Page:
The North Star is the signature feature of Quantum of the Seas. It is a glass-enclosed capsule attached to a mechanical arm that is attached to Quantum's top deck. The arm can raise the capsule some 300 feet above sea level and turn 360 degrees.
According to Royal Caribbean Cruises Ltd's Chairman Richard Fain, the inspiration for North Star was the London Eye. That great Ferris wheel-like construction lifts visitors above the landmarks of London, allowing them to see the city as a totality. Similarly, the idea for North Star is to allow guests to see the ship, the sea and the ports in perspective.
Although North Star has no nautical function on Quantum of the Seas, it does have maritime precedents. Sailors have long looked for ways to see beyond their own ship so as to understand how it fits into the world around it. In the days of the sailing ships, sailors climbed to the top of the masts in order to get a better view of what was around the ship. This practice continued into the heyday of the great liners where sailors would be stationed as lookouts high up in the vestigial masts. Along the same lines, early battleships had viewing stations high above the rest of the ship so that the officers could find targets, develop firing solutions for the ship's big guns and track the fall of shells.
Today's guests do not have to climb rigging or perilous ladders to get a panoramic view. Instead, you just take an outdoor staircase from Deck 15 to North Star's landing station on Deck 16 just forward of the Outdoor Pool area.
The North Star capsule has a capacity of 14 guests. When I went aboard, there were about half that number. There are no seats in the capsule. This allows the guests to move about and take in the view in all directions.
Before take off, several of the guests commented that they did not like heights and while they did not say anything, a few more looked somewhat apprehensive about this journey. I had to nod in agreement. However, all thought of making a run for it ended when the heavy door closed with a quiet thud not unlike the sound made by the door of an airplane.
The capsule took off smoothly. In fact, I did not really notice that it was moving until someone mentioned it. The feeling was more like the rest of the world were somehow sinking downwards while we were motionless.
Since the capsule has floor to ceiling glass in all directions, you would think that you would feel somewhat exposed. However, I had no problem standing by the front panels, looking down at the Outdoor Pool area below. It was like going up in a glass elevator.
North Star reached the apex of its climb very quickly. The deck below seemed much further away than I had anticipated it would when I was watching North Star beforehand. A sign before we boarded had described the view from the top as being like the view from a helicopter and indeed, it did look like the view from a low-flying aircraft.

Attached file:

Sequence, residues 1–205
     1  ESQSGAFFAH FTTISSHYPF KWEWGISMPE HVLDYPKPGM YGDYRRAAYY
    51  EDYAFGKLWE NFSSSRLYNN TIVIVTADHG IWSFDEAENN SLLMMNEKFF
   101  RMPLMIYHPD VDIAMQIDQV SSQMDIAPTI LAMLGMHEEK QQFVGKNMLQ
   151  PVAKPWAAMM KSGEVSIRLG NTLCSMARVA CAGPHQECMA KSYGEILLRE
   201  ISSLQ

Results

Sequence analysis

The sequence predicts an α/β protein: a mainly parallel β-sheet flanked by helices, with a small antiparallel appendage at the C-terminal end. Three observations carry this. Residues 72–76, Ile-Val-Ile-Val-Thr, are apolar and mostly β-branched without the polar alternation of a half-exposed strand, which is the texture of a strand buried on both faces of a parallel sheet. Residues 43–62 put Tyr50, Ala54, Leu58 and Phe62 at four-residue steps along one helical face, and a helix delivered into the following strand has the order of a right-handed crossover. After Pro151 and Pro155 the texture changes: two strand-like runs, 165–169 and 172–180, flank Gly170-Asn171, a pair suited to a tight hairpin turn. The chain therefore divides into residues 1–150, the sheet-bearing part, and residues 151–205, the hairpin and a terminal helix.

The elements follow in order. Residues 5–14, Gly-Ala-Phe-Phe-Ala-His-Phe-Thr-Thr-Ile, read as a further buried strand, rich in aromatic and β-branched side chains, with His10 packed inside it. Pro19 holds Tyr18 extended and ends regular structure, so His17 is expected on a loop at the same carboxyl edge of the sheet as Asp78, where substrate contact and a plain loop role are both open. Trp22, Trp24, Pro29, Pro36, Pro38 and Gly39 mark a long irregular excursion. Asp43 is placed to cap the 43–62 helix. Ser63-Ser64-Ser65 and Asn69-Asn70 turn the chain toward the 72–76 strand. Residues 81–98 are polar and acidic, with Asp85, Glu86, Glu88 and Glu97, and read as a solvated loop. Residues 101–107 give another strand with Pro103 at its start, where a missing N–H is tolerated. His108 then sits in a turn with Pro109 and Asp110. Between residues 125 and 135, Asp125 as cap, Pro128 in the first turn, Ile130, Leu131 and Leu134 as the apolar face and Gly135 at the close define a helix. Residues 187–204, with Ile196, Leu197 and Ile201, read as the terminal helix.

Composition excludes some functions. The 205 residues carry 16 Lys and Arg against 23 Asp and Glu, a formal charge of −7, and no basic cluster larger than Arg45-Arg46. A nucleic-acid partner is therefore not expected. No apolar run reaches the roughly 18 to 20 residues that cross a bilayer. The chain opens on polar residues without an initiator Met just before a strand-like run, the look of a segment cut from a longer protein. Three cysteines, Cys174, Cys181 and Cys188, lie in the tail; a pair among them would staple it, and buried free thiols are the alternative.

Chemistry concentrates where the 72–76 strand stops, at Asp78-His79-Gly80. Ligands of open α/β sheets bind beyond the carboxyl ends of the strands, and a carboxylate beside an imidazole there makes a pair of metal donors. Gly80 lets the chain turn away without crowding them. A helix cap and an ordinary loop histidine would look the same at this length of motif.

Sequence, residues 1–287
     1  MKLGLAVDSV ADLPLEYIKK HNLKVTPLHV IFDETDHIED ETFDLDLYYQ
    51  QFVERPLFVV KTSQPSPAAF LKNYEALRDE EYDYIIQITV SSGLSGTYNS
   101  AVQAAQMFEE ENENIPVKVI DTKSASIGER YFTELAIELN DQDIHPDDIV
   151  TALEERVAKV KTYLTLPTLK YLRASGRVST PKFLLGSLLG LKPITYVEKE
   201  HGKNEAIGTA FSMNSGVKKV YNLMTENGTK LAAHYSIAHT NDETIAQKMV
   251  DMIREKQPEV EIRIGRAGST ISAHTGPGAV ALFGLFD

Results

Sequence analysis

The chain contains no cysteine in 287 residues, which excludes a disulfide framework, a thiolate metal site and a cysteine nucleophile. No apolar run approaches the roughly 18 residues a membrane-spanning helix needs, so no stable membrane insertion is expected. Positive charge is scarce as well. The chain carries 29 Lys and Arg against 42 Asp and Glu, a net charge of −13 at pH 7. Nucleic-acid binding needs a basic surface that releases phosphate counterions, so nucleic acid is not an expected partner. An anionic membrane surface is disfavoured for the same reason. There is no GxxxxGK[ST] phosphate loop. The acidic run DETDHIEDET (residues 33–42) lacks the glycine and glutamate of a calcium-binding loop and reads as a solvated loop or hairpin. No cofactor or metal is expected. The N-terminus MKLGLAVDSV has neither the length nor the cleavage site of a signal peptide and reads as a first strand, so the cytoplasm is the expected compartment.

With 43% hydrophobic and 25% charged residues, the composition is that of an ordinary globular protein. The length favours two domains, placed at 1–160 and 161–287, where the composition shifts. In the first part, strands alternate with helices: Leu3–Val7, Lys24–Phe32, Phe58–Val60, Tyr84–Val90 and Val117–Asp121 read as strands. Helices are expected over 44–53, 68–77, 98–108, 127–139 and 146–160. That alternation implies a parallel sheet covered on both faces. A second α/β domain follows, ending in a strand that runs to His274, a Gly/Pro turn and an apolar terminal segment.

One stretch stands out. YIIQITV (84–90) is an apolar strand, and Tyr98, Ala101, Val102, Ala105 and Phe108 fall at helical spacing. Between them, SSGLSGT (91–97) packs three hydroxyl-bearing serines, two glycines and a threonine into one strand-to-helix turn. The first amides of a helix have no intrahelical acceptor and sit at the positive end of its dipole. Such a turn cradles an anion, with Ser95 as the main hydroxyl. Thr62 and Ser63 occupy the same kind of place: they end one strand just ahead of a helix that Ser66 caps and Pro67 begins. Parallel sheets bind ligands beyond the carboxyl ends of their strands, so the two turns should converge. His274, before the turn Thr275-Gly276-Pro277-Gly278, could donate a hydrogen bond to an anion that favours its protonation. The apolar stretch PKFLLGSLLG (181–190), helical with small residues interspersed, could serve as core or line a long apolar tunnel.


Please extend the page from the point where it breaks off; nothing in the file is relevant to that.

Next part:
There had been a fog that morning and although it had mostly burned off, the view of New York City off to starboard was still obscured by haze. Nonetheless, it was a thrilling view looking over the harbor and the New Jersey countryside.
All of the guests were talking and moving around the capsule. The looks of apprehension had disappeared. People were laughing and taking photos of each other or of the view outside.
I spoke with the operator about whether North Star had operated when the ship was at sea. He said that it had. North Star was built to withstand high winds like those that can be encountered even on a clear day at sea. However, if the ship is rolling significantly, North Star does not operate. This made sense because the higher you go on a ship, the more you will feel the roll. It is like a pendulum, the top of the arm travels a lot further than the base.
A trip in North Star is supposed to last 15 minutes. However, it seemed like we were descending just after we took off. Looking back at it, I think we had our full allotted time because too much happened for it to have been any less time.
North Star is complimentary. However, it can also be hired for weddings, proposals of marriage and other special occasions.
Above: North Star on the rise.
Below: The landing where guests board the capsule.
Above: The view from the capsule before take off.
Below: The view near the apex of the ride.
Above: Looking down North Star's arm.
Cruise ship review - - Quantum of the Seas - - Royal Caribbean - - Experiencing North Star